I needed to see another old church like I needed another hole in my head. However, since being in Bolivia, I have been intrigued by the Jesuit settlements in the jungles of eastern part of the country.
The Catholic Church sent a group of Jesuits to some hellacious “off the map” places some 300-years ago to convert the nomadic jungle tribes to Christianity. During the same period, the Portuguese were also in area and had more "laborious" intentions for the indigenous people. The Jesuits were soon forced out, and boundaries were established between Brazil and what would become Bolivia. However, before their forced exodus, the Jesuits built these amazing missions, or “reductions” as they were then called.
The post and beam construction with thatched roofs utilized materials from the cleared rain forest and the architectural style incorporated a fusion of European design and Indian styles, making them unique to anything else that had been built at that time. The non-supporting walls were made of adobe. Many of the missions on the UNESCO list were restored in the 1970’s.
Now in the thick of winter, the dense lowlands are still very hot and humid. I cannot, and do not even want to try to think how miserable it is in the summer months, or how hard it is to get there. Red dirt roads plagued with huge potholes were the only choice. The potholes were impossible to avoid. Imaging what the Jesuits must have gone through to get to these places, to get through the virgin jungle is beyond my capacity.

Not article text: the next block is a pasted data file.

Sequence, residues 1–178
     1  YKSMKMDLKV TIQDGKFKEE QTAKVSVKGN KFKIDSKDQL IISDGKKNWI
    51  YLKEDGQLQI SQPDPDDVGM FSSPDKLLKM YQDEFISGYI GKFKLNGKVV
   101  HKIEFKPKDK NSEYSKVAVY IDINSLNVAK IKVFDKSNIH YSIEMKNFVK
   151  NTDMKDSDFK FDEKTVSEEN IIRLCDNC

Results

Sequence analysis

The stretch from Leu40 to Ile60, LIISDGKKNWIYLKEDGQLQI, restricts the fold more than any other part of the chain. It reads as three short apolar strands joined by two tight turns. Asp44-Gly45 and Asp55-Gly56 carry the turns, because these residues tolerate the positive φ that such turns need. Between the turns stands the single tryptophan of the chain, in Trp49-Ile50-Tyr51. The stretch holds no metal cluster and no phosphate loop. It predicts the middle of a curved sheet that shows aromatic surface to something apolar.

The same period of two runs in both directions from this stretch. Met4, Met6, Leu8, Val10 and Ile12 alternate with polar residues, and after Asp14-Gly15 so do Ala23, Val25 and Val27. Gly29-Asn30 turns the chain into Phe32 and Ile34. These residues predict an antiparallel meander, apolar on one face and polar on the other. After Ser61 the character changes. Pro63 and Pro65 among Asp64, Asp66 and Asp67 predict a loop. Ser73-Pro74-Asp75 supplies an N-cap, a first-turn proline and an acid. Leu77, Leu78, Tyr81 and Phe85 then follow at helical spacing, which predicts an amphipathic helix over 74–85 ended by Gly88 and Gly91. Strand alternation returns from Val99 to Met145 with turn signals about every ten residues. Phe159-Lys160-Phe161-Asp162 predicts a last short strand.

The missions survived the exodus/slaughter and the local people that survived continued to use the buildings for worship. The Jesuits famously used music as a tool to attract and convert the “savages”, and this has become an important legacy of the missions. Children are still taught how to play music on “western instruments” on site. I was lucky enough to enjoy an impromptu recital by three young girls on violins at the San Miguel mission.
Due to heavy rains, I stayed a second night in the beautiful Gran Hotel Concepcion for about $25 a night, which included a breakfast of scrambled eggs, fresh papaya and pineapple and a selection of the local variations of empanadas. At night I would walk across the square to the Buon Gusto outdoor restaurant for their Majadito. Typical to the area, Majadito is a rice dish slow cooked with shredded dehydrated beef and seasoning, topped with a fried egg and plantain. The juices from the meat make the dish filling and tasty. Served with a salad and a cold Huari beer, it was good enough to repeat the next night – not there was much of a choice.
Another day spent on the bombed-out roads, viewing five of the six missions listed on the UNESCO list, and I had seen enough. I found a hotel just opened by a Belgian couple in the town of San Jose de Chiquitos and was in bed soon after checking in. I wanted to get on the paved road to the border as early as possible in the morning. However, waking up to a flat rear tire and leaking drive shaft changed those plans. ARGH!!
For a good movie on the topic check out the Robert DeNiro, Jeremy Irons 1986 flick,